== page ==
In its history, the Human Immunodeficiency Virus was discovered as a strange disease among the gay community in North America. The victims would mysteriously fall sick and thereby develop certain tumors and infections that were unusual. Pneumocystic carinii was established to be one of the infectious agents. Though it had been known to be harmless, this micro-organism would make people and other organisms to experience fatal pneumonia especially in situations of abnormal weakness. Kaposi’s sarcoma was a tumor that was seen in these victims and was initially characterized by bluish red skin lesions on lower legs and feet. This was a cancer and was very aggressive. Its lesions would not only spread up one’s body but also internally to lymph nodes (Goudsmit, 1997).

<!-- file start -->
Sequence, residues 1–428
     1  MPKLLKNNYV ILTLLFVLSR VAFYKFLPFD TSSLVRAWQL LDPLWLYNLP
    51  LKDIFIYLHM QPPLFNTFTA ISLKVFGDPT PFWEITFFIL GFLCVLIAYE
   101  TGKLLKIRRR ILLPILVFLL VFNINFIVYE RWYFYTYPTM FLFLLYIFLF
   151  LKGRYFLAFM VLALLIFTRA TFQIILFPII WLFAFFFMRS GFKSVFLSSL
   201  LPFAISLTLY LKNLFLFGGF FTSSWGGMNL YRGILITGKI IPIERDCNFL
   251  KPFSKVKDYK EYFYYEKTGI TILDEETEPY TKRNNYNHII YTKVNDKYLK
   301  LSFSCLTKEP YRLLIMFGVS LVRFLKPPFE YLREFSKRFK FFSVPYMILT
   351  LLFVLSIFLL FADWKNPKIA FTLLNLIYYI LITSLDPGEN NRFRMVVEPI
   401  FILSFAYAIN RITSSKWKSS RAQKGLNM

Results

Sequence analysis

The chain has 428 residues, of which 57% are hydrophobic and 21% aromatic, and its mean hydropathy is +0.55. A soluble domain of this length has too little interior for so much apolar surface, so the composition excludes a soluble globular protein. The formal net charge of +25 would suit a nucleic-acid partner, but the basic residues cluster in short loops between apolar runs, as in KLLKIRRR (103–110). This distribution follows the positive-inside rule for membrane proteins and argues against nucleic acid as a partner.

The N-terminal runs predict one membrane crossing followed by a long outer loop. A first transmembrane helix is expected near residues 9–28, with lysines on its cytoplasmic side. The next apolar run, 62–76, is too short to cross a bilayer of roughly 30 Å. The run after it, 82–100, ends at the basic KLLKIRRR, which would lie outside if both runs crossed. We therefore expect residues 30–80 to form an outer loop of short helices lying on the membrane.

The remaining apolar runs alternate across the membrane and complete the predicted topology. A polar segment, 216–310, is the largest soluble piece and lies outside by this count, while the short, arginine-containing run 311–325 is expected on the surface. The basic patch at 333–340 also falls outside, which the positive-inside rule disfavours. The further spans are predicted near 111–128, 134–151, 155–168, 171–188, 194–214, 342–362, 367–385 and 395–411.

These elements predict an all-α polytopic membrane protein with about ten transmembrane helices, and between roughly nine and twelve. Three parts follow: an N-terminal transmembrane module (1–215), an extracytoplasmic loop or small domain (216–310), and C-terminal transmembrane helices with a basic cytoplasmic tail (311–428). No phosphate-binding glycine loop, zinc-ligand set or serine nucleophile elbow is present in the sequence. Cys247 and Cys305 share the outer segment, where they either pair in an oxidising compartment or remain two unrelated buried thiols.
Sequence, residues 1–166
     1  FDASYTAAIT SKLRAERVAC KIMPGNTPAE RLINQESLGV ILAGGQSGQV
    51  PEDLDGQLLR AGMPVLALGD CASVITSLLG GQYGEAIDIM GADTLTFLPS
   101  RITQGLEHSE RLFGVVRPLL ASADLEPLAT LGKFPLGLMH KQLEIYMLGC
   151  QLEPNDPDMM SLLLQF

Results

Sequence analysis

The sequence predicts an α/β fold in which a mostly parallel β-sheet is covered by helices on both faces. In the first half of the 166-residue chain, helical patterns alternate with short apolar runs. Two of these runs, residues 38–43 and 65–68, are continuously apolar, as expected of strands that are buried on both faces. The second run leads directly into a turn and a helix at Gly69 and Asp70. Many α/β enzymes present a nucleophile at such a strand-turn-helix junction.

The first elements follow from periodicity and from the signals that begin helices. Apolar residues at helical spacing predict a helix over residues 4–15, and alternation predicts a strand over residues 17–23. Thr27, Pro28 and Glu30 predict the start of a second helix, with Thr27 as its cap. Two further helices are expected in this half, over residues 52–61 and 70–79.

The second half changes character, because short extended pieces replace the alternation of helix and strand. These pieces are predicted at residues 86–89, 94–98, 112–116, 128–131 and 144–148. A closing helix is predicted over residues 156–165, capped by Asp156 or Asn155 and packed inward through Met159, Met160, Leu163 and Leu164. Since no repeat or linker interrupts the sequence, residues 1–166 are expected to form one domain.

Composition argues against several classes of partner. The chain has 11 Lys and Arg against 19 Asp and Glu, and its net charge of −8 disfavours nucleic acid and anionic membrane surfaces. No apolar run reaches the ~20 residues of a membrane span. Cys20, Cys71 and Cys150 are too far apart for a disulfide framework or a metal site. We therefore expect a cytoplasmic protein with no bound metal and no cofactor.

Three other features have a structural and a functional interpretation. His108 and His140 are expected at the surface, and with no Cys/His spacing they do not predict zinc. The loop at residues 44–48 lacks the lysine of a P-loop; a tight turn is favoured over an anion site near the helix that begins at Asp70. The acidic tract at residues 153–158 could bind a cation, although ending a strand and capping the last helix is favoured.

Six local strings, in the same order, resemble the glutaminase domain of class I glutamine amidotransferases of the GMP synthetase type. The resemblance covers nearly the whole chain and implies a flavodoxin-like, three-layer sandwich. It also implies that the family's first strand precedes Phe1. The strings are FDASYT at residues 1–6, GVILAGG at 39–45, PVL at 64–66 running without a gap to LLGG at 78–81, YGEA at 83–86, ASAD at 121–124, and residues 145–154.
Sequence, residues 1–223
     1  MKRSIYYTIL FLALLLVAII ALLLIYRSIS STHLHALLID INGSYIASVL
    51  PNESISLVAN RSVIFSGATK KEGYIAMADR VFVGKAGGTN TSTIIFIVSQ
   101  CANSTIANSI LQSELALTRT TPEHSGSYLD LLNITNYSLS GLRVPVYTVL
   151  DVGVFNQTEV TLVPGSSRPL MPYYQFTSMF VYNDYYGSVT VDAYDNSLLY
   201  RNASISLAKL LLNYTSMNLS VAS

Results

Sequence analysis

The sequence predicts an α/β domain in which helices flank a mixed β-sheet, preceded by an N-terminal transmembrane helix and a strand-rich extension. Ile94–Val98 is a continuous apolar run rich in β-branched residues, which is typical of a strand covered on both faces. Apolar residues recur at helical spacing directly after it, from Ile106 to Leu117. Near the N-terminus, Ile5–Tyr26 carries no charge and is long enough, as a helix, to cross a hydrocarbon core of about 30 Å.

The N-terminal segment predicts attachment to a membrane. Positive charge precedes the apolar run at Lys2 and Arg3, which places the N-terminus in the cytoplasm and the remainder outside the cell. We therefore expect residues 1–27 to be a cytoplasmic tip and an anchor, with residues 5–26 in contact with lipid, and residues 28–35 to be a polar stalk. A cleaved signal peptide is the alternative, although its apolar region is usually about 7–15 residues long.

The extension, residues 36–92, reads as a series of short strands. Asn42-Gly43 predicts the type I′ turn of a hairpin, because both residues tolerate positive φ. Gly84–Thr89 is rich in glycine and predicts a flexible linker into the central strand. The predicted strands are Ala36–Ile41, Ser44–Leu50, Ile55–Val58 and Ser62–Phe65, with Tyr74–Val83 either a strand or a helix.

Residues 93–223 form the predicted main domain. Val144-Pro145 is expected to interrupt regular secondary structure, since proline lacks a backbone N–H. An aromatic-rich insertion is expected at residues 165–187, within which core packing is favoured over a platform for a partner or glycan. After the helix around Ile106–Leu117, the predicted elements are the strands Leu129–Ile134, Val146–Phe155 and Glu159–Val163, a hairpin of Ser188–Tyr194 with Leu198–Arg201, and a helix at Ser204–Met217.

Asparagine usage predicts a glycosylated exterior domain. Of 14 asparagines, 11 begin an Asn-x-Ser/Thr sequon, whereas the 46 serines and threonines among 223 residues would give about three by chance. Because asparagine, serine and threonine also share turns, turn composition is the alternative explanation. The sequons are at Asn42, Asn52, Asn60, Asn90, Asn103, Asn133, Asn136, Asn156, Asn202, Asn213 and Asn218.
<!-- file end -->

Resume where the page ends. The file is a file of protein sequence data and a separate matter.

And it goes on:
Treatment of these gay men by physicians established that they had great immunodeficiency marked by a severe drop in T-helper cells. The CD4-positive cells are vital in the defense of the body against certain disease causing micro-organisms and thus by the action of the HIV that led to their destruction this role was impaired. It was evident that this impairment did not originate from an individual’s own body, that is inborn, but it was acquired. This therefore made it to be known as acquired immunodeficiency syndrome (AIDS).
The functions of the CD4 cells in the body are the recognition of any intruders and using the available fighter cells to fight these intruders off. Ironically, HIV enters the cells via these CD4 molecules and end up destroying those cells (Jones, 2010). The effect of the HIV is not immediately felt since the cells it destroys get replenished. However in the long run, the virus’ steady destruction of the cells leads to the body’s immunodeficiency. The Human Immunodeficiency Virus may not have been a new virus but an old virus that acquired a new degree of virulence.